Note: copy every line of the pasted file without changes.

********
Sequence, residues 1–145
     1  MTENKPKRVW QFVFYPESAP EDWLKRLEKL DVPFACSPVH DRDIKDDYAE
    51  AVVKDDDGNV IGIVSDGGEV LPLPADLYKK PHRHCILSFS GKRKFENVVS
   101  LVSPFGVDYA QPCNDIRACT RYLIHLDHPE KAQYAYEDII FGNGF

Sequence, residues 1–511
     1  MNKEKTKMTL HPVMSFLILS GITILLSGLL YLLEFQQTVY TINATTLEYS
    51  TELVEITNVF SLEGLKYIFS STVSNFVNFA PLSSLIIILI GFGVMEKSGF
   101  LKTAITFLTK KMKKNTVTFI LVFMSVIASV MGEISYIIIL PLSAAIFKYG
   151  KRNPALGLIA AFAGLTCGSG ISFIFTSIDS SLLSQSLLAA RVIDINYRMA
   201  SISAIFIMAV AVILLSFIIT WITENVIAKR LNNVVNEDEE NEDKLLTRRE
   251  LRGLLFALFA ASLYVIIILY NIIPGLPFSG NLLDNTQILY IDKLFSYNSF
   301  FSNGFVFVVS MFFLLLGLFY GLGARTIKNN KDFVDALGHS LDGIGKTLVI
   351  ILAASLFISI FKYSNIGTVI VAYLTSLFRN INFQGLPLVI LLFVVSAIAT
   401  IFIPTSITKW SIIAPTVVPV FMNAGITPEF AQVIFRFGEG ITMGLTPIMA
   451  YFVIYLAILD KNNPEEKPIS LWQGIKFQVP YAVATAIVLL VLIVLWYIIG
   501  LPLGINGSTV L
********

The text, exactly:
Sequence, residues 1–145
     1  MTENKPKRVW QFVFYPESAP EDWLKRLEKL DVPFACSPVH DRDIKDDYAE
    51  AVVKDDDGNV IGIVSDGGEV LPLPADLYKK PHRHCILSFS GKRKFENVVS
   101  LVSPFGVDYA QPCNDIRACT RYLIHLDHPE KAQYAYEDII FGNGF

Sequence, residues 1–511
     1  MNKEKTKMTL HPVMSFLILS GITILLSGLL YLLEFQQTVY TINATTLEYS
    51  TELVEITNVF SLEGLKYIFS STVSNFVNFA PLSSLIIILI GFGVMEKSGF
   101  LKTAITFLTK KMKKNTVTFI LVFMSVIASV MGEISYIIIL PLSAAIFKYG
   151  KRNPALGLIA AFAGLTCGSG ISFIFTSIDS SLLSQSLLAA RVIDINYRMA
   201  SISAIFIMAV AVILLSFIIT WITENVIAKR LNNVVNEDEE NEDKLLTRRE
   251  LRGLLFALFA ASLYVIIILY NIIPGLPFSG NLLDNTQILY IDKLFSYNSF
   301  FSNGFVFVVS MFFLLLGLFY GLGARTIKNN KDFVDALGHS LDGIGKTLVI
   351  ILAASLFISI FKYSNIGTVI VAYLTSLFRN INFQGLPLVI LLFVVSAIAT
   401  IFIPTSITKW SIIAPTVVPV FMNAGITPEF AQVIFRFGEG ITMGLTPIMA
   451  YFVIYLAILD KNNPEEKPIS LWQGIKFQVP YAVATAIVLL VLIVLWYIIG
   501  LPLGINGSTV L